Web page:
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Support for Loved One Home from Rehab

answered 07:53 PM EST, Tue January 14, 2014
anonymous anonymous
My husband has been an opiate user for a couple years now and just went into a rehab program. I need help on how to support him when he comes out of this.

Anna Deeds Says...

Anna Deeds A. Deeds

Thank you for your question. I'm happy for you that your husband entered treatment. First, I'd like to recommend Nar-Anon which is a self-help group for family and friends of addicts. Addiction is just as difficult for family as it is for the addicted person. Nar-anon can be support for you and help you learn about addiction.

I think it would help you if you read and learned more about addiction. The more you know about addiction, the more you will understand what he is going through. This will help you to support him.

Addiction is a chronic disease. This means he will still have an addiction after he completes rehab and for the rest of his life. Most addicts believe they are still addicts even when they are in recovery and not using any substance. Because it is a lifelong issue, addiction needs treatment for life. What this treatment is depends on the individual addict. Some addicts become a part of a 12-Step group like Narcotics Anonymous (NA) or Alcoholics Anonymous (AA). Others choose a Christian based recovery program. Addicts with mental health issues often go to counseling in addition to NA/AA.

Most of these programs help the addict discover what parts of their attitudes, beliefs or thoughts contributed to their addiction. They may help them relieve the guilt of addiction through making amends. They find other people who understand what they are going through. Fellow addicts can provide support and accountability for the addict. They show the addict how to live without substances.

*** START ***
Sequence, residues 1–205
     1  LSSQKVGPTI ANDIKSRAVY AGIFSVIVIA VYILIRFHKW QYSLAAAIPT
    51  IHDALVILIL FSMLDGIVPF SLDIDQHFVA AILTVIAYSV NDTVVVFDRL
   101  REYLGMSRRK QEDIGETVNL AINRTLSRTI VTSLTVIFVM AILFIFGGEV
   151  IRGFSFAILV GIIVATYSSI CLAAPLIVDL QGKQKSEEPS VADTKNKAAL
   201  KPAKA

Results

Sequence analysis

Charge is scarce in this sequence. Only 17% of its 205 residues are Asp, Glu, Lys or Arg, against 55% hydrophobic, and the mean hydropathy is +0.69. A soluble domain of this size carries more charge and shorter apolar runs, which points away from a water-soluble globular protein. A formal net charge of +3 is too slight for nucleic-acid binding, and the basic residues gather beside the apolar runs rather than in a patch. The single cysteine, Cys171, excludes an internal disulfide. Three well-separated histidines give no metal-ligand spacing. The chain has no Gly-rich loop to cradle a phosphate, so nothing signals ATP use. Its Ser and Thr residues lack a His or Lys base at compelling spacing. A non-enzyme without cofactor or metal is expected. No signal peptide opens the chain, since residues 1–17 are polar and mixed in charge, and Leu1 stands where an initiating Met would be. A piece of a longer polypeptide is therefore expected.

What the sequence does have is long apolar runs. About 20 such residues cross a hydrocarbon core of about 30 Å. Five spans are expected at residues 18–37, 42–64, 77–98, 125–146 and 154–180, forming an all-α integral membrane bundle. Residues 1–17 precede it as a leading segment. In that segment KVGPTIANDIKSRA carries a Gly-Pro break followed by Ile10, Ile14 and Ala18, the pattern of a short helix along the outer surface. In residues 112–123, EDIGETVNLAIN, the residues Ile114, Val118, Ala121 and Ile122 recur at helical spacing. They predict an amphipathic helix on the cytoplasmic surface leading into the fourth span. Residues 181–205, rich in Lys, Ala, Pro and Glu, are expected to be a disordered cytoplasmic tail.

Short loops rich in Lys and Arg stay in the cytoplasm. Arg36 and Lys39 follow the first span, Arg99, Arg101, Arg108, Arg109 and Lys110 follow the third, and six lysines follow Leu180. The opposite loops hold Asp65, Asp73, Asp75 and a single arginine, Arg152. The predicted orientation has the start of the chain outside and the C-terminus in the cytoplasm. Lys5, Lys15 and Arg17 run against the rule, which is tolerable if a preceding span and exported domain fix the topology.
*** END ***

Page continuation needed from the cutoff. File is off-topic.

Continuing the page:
In addition, many addicts in recovery find it helps them to do something on a daily basis for their recovery. This might be journaling, prayer, a daily inventory, recovery readings, exercise, helping other addicts and many other recovery related activities. 

Whatever it is that your husband does for his recovery, it will help him if you support him in doing these activities. In the beginning of his recovery, these activities may take up a lot of his free time. However, it is important that he do them. It will help if he gets encouragement from you and knows that you will help him stay on track with his recovery.

Another idea is for you to have couples or family counseling. Because addiction affects the whole family, it is best to treat the whole family. Family members often have resentments and issues with the addict that need to be worked through. The way you functioned as a couple prior to his recovery needs to change in recovery. There may have been enabling behavior. This is when someone helps an addict continue their addiction. The family's intentions are often good but they can be manipulated by the addict. There may also be communication problems in the family. You may be used to arguing or not talking about the addiction. These are things that need to change in recovery.

I wish you both the best and hope your husband does well in his recovery.


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Page last updated Jan 14, 2014

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